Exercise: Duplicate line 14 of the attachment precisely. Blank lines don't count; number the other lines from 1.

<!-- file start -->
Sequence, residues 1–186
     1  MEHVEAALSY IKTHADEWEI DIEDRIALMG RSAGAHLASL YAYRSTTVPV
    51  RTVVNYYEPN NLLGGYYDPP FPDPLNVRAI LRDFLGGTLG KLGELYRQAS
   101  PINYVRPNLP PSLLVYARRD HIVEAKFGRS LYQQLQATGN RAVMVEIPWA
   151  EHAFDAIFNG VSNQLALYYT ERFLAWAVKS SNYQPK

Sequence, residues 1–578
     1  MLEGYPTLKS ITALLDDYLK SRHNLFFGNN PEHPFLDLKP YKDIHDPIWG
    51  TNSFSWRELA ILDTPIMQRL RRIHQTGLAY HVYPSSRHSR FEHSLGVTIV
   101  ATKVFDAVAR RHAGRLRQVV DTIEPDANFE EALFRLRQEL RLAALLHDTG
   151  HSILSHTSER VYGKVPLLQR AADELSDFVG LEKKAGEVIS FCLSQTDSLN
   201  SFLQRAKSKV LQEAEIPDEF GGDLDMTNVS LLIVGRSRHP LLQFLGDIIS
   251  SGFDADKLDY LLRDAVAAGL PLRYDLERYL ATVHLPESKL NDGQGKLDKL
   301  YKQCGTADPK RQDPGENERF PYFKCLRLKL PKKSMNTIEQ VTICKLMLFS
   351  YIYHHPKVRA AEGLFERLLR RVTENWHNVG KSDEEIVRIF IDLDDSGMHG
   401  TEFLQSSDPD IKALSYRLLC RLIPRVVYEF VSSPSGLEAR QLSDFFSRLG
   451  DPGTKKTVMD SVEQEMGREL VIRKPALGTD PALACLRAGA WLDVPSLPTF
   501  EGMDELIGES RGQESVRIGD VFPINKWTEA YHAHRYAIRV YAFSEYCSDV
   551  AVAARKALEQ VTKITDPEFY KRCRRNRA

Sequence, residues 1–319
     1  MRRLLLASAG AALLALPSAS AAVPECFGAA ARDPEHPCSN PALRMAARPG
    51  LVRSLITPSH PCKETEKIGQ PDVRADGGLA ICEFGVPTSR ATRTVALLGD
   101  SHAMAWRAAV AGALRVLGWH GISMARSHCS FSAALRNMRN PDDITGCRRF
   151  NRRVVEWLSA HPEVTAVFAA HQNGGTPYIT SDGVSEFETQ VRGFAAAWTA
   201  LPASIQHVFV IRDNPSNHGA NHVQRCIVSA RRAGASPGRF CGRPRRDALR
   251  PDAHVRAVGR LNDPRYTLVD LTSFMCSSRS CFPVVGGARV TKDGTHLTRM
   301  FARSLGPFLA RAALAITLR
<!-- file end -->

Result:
   351  YIYHHPKVRA AEGLFERLLR RVTENWHNVG KSDEEIVRIF IDLDDSGMHG